House Bill 754 (failed) would have expanded eligibility for Medicaid and MCHP. A
more detailed discussion of this bill may be found under the subpart “Health Insurance” of this
90 Day Report.
Chapter 4 of 2004 Special Session 1 required the Secretary of Health and Mental Hygiene
to apply to the Centers for Medicare and Medicaid Services for a waiver to establish the
Community Choice Program, a managed care system for Medicaid enrollees receiving long-term
Part J – Health and Human Services J-3
care services. During the 2007 session, the Secretary of Health and Mental Hygiene announced
that DHMH would not pursue a waiver to proceed with the Community Choice Program. As a
result, legislation to extend the program termination date (Senate Bill 10 (failed)) and limit the
program scope (Senate Bill 630/House Bill 796 (both failed)) did not pass.
Senate Bill 181/House Bill 30 (both passed) establish an Oral Health Safety Net
Program within DHMH’s Office of Oral Health to award grants to local health departments,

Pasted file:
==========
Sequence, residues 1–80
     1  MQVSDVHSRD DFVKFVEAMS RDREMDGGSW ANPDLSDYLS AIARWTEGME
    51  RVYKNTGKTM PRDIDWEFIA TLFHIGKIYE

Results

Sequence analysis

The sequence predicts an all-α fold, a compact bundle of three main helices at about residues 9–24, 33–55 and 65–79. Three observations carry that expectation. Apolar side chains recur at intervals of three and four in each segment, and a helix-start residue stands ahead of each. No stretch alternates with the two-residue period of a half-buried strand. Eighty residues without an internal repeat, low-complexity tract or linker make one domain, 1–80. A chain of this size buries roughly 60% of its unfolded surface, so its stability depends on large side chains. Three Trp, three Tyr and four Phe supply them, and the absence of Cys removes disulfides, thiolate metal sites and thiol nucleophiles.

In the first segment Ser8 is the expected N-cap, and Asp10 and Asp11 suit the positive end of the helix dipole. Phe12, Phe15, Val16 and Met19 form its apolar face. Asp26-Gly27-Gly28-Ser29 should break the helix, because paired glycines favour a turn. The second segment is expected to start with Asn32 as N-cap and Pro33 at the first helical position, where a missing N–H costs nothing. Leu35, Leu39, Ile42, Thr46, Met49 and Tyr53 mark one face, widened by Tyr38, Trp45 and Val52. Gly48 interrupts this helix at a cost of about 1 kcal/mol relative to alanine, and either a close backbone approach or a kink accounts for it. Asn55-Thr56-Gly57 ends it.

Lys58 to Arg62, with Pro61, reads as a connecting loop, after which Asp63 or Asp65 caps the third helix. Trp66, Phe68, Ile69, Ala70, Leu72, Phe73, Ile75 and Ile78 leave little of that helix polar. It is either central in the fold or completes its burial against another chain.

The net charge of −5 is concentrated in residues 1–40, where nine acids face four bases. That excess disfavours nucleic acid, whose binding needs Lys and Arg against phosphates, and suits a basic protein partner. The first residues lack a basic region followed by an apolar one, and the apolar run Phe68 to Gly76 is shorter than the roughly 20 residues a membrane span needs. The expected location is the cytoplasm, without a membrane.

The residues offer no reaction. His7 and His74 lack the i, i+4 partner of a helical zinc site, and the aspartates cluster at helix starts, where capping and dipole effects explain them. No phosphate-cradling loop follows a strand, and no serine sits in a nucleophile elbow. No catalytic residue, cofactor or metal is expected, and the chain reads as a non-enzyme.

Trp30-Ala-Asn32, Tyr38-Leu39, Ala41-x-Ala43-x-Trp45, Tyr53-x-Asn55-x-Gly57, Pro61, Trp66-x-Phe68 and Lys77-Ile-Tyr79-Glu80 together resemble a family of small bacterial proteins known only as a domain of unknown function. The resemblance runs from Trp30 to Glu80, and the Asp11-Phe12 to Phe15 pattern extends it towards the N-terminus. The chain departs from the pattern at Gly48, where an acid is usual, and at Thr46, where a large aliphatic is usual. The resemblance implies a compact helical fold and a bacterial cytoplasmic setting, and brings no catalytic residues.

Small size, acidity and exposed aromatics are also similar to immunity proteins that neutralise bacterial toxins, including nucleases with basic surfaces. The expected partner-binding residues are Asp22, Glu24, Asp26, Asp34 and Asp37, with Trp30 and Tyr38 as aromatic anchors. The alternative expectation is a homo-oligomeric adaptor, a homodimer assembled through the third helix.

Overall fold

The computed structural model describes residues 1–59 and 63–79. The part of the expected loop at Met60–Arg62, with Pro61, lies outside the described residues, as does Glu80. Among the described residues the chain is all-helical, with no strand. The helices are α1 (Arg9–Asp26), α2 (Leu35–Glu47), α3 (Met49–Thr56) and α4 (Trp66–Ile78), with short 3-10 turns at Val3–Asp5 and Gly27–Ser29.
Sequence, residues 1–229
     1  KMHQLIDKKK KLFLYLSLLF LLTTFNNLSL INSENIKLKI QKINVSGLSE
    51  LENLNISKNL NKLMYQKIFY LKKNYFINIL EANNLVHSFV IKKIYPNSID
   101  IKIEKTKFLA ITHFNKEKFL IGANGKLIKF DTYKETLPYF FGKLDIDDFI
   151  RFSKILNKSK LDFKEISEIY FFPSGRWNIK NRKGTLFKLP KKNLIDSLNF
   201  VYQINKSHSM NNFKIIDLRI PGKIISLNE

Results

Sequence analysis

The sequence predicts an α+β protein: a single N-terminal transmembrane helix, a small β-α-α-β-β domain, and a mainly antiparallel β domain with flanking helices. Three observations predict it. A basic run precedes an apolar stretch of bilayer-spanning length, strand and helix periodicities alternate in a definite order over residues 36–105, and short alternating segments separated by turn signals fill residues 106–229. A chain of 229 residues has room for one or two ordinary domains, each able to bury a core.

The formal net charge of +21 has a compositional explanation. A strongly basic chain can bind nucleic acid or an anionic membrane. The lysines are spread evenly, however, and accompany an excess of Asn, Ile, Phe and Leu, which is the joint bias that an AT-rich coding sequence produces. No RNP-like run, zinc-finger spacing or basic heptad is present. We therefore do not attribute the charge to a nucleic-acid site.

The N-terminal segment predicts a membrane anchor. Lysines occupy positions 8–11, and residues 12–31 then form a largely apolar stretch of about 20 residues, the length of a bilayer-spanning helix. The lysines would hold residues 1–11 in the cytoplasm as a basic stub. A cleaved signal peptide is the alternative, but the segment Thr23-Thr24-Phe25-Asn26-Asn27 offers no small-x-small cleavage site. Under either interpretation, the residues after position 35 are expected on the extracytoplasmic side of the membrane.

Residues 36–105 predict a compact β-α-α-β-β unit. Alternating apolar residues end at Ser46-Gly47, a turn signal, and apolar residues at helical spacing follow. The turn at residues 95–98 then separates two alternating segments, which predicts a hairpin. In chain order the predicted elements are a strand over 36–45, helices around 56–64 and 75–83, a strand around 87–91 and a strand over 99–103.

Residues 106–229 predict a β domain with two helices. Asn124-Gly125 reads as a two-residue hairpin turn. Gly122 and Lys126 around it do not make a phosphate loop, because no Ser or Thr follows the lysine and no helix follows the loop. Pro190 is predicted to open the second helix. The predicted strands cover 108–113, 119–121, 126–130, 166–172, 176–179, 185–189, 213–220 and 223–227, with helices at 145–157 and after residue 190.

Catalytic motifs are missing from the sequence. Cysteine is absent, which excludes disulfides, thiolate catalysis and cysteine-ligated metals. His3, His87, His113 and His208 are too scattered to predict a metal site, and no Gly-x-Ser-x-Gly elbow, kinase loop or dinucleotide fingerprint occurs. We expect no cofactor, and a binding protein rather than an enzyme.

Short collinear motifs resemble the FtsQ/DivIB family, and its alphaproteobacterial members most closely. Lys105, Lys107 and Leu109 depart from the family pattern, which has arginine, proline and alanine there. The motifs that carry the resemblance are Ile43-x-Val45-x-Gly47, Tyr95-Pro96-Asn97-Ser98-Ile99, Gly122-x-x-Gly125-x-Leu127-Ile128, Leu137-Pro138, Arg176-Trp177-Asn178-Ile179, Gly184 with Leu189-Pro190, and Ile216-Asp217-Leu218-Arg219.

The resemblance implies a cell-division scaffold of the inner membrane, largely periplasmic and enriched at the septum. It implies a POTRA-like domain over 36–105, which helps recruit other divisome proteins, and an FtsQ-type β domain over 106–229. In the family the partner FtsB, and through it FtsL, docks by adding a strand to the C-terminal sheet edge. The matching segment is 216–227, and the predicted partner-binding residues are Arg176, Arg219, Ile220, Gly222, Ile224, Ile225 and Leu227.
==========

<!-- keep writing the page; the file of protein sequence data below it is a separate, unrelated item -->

federally qualified health centers, and entities providing dental services within State facilities to
increase dental provider capacity for the underserved. Under the program, $1 million could be
awarded for dental health grants in fiscal 2009, 2010, and 2011. The bills terminate September
30, 2011. The fiscal 2008 budget restricts $100,000 in DHMH’s budget to support this program.
The growing momentum to prohibit smoking in bars and restaurants in Maryland
culminated in the passage of a statewide smoking ban. The statewide ban does not preempt a
county or municipal government from enacting and enforcing more stringent measures to reduce
involuntary exposure to environmental tobacco smoke. Beginning February 1, 2008,
Senate Bill 91/House Bill 359 (both passed) prohibit smoking in an indoor area open to the
public; an indoor place where public meetings are held; a government-owned or -operated means
of mass transportation including buses, vans, trains, taxicabs, and limousines; or an indoor place
of employment. This prohibition does not apply to most private homes, residences, and private
vehicles, up to 25 percent of hotel or motel rooms, tobacco stores, industrial facilities that
involve processing, manufacturing, or distribution of tobacco products, or a research or